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16 Personality Factors and deviant positions

Harry Caufield

I've posted here about various personality tests and psychometrics before and was intrigued to see a new test going around on Facebook recently. I say "intrigued" because the test clearly wasn't just another Meyers-Briggs remix. Instead, it's the Personality Factors test, and at least as far as their website claims, the test is "based on accurate research in psychometrics". It's actually based on Raymond Cattell's 16 Personality Factors.* Versions of the test have been in use since the 1940's and contributed to later methods.

The test is a series of self-assessment statements answered on a 5-point scale from "Very Inaccurate" to "Very Accurate". It reminds me of tests like the Values Based Leader assessment (and the MBTI, of course, but the MBTI is so omnipresent that it's hard to avoid).

I should note there's a mandatory Facebook login at the end of the test, followed by another subtle "Share to Facebook" button and an offer to buy the full version of your results for $10.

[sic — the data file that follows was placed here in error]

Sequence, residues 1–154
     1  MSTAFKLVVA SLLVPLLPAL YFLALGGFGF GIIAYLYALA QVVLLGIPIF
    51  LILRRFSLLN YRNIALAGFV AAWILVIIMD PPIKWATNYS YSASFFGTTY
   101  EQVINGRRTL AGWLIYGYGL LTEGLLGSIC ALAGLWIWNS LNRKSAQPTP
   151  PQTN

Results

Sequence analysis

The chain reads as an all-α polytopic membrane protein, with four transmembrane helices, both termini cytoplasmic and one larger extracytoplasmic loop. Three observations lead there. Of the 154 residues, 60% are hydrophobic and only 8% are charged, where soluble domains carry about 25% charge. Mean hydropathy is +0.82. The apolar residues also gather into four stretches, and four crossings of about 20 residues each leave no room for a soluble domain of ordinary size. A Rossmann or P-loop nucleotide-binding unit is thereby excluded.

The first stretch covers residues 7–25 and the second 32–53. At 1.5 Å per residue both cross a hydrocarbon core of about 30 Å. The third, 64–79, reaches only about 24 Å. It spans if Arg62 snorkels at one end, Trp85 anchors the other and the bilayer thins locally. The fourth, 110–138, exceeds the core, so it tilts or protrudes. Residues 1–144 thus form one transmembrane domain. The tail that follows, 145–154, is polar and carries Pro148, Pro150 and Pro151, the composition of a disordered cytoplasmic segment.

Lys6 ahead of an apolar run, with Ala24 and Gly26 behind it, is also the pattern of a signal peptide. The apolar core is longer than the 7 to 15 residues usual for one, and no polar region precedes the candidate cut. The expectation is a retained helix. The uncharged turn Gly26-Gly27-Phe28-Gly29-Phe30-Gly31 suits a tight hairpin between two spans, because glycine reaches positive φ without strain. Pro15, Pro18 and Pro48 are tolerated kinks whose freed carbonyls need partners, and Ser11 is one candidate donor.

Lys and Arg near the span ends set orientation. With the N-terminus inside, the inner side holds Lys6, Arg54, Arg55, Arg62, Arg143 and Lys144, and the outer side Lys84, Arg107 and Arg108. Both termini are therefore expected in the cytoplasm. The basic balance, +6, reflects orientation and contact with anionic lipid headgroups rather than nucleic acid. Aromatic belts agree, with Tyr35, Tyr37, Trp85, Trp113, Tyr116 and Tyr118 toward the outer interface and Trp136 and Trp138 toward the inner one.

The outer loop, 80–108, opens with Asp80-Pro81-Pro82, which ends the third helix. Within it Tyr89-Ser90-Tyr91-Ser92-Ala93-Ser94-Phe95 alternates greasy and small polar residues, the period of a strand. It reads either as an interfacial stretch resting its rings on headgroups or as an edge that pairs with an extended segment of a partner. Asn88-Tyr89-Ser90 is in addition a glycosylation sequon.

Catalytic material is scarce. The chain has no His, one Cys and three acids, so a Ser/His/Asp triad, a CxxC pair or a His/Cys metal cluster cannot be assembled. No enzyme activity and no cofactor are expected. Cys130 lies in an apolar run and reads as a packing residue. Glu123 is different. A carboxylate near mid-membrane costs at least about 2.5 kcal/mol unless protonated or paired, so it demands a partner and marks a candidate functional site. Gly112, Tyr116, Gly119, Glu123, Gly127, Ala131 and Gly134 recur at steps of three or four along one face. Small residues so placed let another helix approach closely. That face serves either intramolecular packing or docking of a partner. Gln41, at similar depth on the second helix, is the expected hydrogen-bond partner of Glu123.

A few statements seemed out of the ordinary:

  • "I use swear words." 
  • "I take deviant positions."
  • "I like to stand during the National Anthem."

Some of the statements remind me of the Big Five personality traits. I'm skeptical. (I learned later that Cattell's factor analysis methods directly contributed to development of the Big Five.)

Here's my result:

It's certainly a blob.

It's certainly a blob.

All this result really tells me is that I am high in complexity. Isn't a personality test intended to reduce complexity to simplified categories? To be fair, it also scores me highly for Intellect and Imagination. No surprises here - that's how I assessed myself. I'm still curious about which category statements about the national anthem feed into (dutifulness, perhaps?).

I suppose that summarizing the results of any personality assessment without full interpretation are useless, especially if test subjects hope to learn something new about themselves. I'm also generally skeptical of all psychometrics, but in this case criticizing Cattell's methods may be like criticizing Freud's dream interpretations: sometimes it's enough just to talk about something everyone else disregards. 

Avoid paying ten bucks for the privilege, though.

*That WP article needs editing for neutral point of view.